"With the end of the war, there was no longer any need to train massive numbers of military flight teams, and the cover story lost its effectiveness. So for a number of reasons, the airfield was shut down. Except for this underground facility, the base was allowed to deteriorate. This area wasn't exposed to the elements, however, and apart from minor water damage, it adjusted extremely well to remaining in hibernation. Indeed, from time to time, it received maintenance checks in case its mission should ever be reactivated. Fifteen years ago, I did exactly that.
"I reactivated it."
[The house from the film "Giant" is located near Marfa, Texas, also site of the "Marfa lights." In his 2009 novel The Shimmer David Morrell braids it all into a thriller ripe with the uncanny and fantastik. Below the protagonists visit the "Giant" house, though Morrell changes the film title and actor's names/careers.]
....They drove along a dirt road. The heat of the day had dried the puddles from the previous night's storm. Dust rose in small clouds to mark their passing. The rugged grassland extended toward the distant mountains, the vast area so flat and treeless that only the grazing cattle provided variation in the landscape.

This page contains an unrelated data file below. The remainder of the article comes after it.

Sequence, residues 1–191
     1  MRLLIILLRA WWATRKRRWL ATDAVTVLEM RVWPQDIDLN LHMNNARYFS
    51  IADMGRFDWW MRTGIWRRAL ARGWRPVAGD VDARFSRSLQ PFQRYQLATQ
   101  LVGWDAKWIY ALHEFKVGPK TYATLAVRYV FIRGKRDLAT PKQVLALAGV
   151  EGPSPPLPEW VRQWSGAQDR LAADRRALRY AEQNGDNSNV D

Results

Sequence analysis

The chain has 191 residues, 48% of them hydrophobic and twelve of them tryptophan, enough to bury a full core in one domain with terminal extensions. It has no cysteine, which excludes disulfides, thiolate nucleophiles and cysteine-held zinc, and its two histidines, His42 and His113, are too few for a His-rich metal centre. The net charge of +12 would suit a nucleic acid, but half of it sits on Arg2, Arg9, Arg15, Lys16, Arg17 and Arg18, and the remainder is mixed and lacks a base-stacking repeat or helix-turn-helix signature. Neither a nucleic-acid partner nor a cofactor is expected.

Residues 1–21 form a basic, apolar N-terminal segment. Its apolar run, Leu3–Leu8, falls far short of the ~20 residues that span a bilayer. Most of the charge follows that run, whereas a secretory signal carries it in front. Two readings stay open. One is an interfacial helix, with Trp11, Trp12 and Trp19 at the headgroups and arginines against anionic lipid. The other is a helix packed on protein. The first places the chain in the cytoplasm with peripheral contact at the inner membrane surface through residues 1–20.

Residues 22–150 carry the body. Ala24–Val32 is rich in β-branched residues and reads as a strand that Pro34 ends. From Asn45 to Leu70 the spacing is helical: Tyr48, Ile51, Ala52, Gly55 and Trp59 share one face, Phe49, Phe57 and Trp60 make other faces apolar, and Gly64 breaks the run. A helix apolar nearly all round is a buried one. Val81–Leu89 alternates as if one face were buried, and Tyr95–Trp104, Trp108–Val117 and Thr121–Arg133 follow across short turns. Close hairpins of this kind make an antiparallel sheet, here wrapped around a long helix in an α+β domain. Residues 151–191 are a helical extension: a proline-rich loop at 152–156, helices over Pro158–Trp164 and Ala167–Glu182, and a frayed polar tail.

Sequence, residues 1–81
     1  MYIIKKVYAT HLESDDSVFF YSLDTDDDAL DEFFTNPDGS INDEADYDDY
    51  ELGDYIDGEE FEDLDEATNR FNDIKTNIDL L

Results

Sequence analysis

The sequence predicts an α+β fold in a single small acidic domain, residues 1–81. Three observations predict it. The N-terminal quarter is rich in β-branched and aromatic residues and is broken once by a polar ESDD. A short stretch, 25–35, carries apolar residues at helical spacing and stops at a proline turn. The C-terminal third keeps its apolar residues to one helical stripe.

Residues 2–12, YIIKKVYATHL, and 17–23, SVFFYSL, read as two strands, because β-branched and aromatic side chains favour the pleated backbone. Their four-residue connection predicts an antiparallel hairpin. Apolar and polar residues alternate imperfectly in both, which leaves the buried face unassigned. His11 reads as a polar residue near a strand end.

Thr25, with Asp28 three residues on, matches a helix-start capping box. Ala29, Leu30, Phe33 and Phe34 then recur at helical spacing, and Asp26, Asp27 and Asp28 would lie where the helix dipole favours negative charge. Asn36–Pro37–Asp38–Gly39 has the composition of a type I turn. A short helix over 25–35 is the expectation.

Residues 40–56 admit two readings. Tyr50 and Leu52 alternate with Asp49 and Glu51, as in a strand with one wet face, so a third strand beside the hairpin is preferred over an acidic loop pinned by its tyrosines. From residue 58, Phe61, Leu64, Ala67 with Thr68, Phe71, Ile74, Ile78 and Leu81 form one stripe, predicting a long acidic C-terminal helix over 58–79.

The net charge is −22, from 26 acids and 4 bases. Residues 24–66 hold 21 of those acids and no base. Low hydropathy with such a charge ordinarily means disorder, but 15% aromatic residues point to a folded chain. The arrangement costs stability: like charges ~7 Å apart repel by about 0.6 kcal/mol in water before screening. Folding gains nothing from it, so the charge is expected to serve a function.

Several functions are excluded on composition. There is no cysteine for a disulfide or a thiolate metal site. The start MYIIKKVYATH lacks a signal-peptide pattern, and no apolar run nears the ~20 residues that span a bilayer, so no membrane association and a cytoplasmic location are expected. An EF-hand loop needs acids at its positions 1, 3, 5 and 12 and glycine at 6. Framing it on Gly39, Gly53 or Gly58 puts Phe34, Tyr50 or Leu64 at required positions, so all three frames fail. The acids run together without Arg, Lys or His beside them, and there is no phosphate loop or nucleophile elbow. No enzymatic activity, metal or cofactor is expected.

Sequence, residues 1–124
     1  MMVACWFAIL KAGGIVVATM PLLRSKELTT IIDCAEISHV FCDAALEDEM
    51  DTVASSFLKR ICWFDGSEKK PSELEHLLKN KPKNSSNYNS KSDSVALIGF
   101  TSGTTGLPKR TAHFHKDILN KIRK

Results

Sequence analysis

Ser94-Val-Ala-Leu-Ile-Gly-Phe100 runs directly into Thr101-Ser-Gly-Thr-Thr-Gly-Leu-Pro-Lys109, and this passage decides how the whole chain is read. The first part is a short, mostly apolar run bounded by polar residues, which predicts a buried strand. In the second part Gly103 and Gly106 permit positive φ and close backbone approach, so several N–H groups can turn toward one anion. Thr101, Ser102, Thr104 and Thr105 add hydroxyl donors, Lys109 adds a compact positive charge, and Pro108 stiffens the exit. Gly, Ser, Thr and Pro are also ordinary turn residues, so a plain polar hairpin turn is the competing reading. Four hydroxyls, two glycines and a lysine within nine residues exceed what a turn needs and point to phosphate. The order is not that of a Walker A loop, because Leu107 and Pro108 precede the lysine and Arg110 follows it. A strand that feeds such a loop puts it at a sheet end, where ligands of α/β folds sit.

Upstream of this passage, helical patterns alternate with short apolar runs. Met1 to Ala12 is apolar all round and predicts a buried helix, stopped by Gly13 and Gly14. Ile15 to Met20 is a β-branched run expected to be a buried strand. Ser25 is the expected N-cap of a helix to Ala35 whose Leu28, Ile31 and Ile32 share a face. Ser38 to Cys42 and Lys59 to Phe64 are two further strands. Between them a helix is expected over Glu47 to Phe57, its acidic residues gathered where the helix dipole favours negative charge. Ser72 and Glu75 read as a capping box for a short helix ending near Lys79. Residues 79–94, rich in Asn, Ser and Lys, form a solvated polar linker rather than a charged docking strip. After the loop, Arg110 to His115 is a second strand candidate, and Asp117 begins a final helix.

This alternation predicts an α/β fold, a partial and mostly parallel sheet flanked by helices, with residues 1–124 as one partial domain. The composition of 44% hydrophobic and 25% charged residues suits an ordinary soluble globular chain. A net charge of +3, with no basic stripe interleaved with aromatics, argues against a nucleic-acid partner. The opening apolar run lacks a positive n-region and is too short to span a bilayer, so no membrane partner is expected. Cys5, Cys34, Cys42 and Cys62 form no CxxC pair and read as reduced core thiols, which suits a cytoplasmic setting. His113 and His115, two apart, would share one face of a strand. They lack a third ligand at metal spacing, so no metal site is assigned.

Wait, Page thought, peering into the distance. Something's out there.
He saw a speck at the end of the road. Leaning forward, he tried to identify what it was. As the truck drove nearer, the speck became larger.
"It's a building," Tori said, curious.
"Why do I feel like I've been here before?" Page frowned, recalling his sense of déjà vu when he'd flown over the cattle and the windmill on his approach to Rostov. He'd also felt it when he'd first driven along the town's main street.
The building became more identifiable-and more puzzling. It was an impressive three-story ranch house. A covered porch stretched along its wide front. Several chimneys projected from its roofline. A square tower rose on the right corner, ending in a cupola that made the house look like a castle. But as majestic as the place appeared, it had a brooding, gothic quality.